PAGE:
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Gender equality scorecard' finds gaps in every industry

Gender equality scorecard' finds gaps in every industry

The Workplace Gender Equality Agency (WGEA) have released the latest ‘gender equality scorecard’, finding that while many areas have seen improvement there is still a ways to go.

This data gives an overview on how workplaces in 2016-17 addressed pay gaps and gender imbalances.

The WGEA found the following:

  • Men earn $26k a year more than women, however this is trending down (0.4 percentage points lower than the year before)
  • Promotions are on the rise, with women making up 38.4 per cent of all managers
  • Employers with flexible work policies has increased 5.3 percentage points to 68.3 per cent
  • The promotion of women directors on board and governing bodies is at 24.9 per cent, up 0.2 percentage points.
  • More employers are being held accountable for gender inequality, with KPIs relating to promotion, retention and talent identification increasing 5 percentage points

These figures show that while every single industry and occupation across the Australian workforce has a “full-time gender pay gap favouring men”, more employers are acting to address pay gaps and gender imbalances.

‘Technicians and Trades workers’ recorded the largest gender pay gap, with a 26.7 per cent difference worth $28,042.

Libby Lyons, WGEA Director, said the latest figures show “strong improvement in employer awareness but the pace of change needs to increase.”

“In Australia today, men still out earn women in every industry and across all occupations.

“This is not about women’s choices: whether you are a manager, a scientist, a butcher, a baker or even a TV presenter, there is a gender pay gap favouring men.

“The sharp increases in employer action show that the momentum for improved gender equality is building.

“I am very encouraged that many more employers are now analysing their pay data for gender pay gaps and hopeful this will flow through to improved pay outcomes for women in the years ahead.

“Other positive developments include an increase in managers having KPIs related to gender equality and more women are being appointed to manager roles.

“Unfortunately, the number of women on boards remains static and too few organisations are reporting their gender metrics up to the board. We need to see some real change. Boards must take more accountability for gender equality,” said Ms Lyons.

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What are the two types of NAB locked savings accounts?

With a locked savings account in NAB, you can earn bonus interest and learn financial discipline. NAB offers two types of locked savings accounts, each with their own terms and conditions.

The NAB Reward Saver account pays a variable base interest rate of 0.05 per cent per annum and a bonus interest of 0.55 per cent. You’re eligible for the bonus if you make a minimum of one deposit on or before the second last banking day and have no withdrawals in the month.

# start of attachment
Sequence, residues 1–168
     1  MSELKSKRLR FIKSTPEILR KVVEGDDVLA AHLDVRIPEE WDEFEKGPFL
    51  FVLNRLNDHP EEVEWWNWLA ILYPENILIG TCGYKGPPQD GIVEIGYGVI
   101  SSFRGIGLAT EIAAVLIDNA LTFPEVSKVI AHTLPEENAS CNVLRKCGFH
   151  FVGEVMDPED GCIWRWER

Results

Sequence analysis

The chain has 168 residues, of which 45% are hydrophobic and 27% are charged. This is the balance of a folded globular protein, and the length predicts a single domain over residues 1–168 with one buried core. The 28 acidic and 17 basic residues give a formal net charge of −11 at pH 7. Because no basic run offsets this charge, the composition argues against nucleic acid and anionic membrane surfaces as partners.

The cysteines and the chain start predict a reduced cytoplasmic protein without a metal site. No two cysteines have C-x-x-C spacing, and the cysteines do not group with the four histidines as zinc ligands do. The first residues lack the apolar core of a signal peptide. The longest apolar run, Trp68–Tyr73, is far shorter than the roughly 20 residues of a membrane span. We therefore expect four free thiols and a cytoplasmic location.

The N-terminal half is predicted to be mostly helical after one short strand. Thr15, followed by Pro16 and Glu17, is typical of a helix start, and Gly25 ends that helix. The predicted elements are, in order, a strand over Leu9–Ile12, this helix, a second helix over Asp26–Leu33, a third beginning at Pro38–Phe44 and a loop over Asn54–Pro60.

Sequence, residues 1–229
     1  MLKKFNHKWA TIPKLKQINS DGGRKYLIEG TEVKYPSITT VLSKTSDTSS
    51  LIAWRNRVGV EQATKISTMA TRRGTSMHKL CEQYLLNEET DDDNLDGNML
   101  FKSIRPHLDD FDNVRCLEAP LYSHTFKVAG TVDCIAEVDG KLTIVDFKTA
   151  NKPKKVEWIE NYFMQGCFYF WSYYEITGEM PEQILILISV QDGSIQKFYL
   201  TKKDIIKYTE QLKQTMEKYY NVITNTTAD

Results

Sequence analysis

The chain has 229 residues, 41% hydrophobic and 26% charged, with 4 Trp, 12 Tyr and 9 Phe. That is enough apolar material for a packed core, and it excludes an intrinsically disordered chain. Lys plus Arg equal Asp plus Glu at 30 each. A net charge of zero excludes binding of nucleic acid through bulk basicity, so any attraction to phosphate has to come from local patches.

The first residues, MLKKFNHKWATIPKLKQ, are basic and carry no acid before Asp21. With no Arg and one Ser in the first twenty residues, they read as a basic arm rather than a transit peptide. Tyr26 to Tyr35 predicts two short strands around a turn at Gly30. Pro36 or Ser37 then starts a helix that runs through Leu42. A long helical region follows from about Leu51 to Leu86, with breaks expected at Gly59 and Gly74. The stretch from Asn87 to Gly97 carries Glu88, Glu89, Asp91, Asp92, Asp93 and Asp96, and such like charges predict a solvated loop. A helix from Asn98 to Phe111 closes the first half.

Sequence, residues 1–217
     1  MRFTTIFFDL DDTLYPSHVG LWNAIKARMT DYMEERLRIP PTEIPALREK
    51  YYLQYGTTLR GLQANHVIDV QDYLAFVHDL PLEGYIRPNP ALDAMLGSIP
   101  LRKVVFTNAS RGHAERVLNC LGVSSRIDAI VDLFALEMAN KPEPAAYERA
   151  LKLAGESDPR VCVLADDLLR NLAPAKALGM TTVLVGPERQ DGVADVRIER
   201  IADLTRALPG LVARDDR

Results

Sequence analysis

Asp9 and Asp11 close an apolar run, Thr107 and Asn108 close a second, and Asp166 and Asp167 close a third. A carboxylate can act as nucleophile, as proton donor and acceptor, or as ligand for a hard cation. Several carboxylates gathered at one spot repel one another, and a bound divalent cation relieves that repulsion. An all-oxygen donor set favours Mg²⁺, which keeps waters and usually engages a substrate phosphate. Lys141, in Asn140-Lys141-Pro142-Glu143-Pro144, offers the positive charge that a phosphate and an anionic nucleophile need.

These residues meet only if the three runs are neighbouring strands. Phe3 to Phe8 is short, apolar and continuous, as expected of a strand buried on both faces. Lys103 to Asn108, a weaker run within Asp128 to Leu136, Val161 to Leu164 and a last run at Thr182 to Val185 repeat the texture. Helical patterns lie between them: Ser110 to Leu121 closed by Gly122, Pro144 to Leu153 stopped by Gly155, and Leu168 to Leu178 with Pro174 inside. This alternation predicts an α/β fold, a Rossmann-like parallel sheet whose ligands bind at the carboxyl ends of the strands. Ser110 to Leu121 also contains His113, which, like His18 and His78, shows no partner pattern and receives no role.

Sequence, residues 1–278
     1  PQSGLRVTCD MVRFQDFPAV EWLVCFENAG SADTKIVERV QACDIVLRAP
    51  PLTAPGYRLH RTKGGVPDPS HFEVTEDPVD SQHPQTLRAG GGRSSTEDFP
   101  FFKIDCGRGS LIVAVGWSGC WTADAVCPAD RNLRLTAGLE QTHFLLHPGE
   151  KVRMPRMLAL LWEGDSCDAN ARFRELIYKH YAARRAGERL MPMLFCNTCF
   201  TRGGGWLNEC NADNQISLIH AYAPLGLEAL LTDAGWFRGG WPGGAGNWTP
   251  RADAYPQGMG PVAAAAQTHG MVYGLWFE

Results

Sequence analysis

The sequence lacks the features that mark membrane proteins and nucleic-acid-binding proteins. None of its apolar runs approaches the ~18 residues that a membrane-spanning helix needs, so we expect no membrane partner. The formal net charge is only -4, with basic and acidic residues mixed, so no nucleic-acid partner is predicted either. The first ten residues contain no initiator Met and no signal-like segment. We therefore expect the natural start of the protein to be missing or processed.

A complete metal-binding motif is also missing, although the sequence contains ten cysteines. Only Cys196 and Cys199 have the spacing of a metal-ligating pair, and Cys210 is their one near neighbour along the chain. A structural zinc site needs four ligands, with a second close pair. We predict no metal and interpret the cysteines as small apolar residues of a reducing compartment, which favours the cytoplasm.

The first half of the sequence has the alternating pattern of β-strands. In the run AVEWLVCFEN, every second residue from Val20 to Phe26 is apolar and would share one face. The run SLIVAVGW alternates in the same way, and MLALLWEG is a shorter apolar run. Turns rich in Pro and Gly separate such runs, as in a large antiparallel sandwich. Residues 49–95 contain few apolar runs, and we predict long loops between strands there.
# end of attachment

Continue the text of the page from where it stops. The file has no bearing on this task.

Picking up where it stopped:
Meanwhile, the NAB iSaver account provides 0.05 per cent as the standard base interest rate and a fixed bonus margin of 0.55 per cent during the first four months from the date of opening the account. You can park your cash in the account and enjoy unlimited monthly transfers between linked daily bank accounts without impacting the interest rate.

Can you have multiple ING savings accounts?

Yes, you can open up to nine accounts with ING at any particular time. If you’re saving money for various goals, such as buying a car or taking a holiday, you can name each of your multiple ING savings accounts differently.

To get a Savings Maximiser account, you’ll need to deposit more than $1000 every month and make at least five additional purchases. If you also want to grow your savings, from 1st March 2021, you can earn up to 1.35 per cent per annum variable interest on one account with a balance of up to $100,000 when you also maintain an Orange Everyday account.

With ING, multiple savings accounts can help keep track of all your savings goals. All the accounts offer flexible withdrawals where you can withdraw as low or as high as you want without impacting your earning interest rate. However, you can only earn the bonus interest on one account. To apply for a Savings Maximiser account, you can visit ingdirect.com.au.

What is an ANZ locked savings account?

An ANZ locked savings account locks your money and prevents you from spending. You may use a standard savings account as the account where your salary is deposited. You can then withdraw funds when needed, but aren’t able to make purchases with it. However, this account may not grow much as the continual withdrawing of funds will limit the interest you can earn.

With a locked savings account in ANZ, you know your savings will grow because you can’t access the money. You can also qualify for a bonus when you deposit at least $10 per month and don’t make any withdrawals. To help you with this further you can set up an automatic transfer from your regular ANZ savings or transaction account so you don’t forget to make a monthly deposit.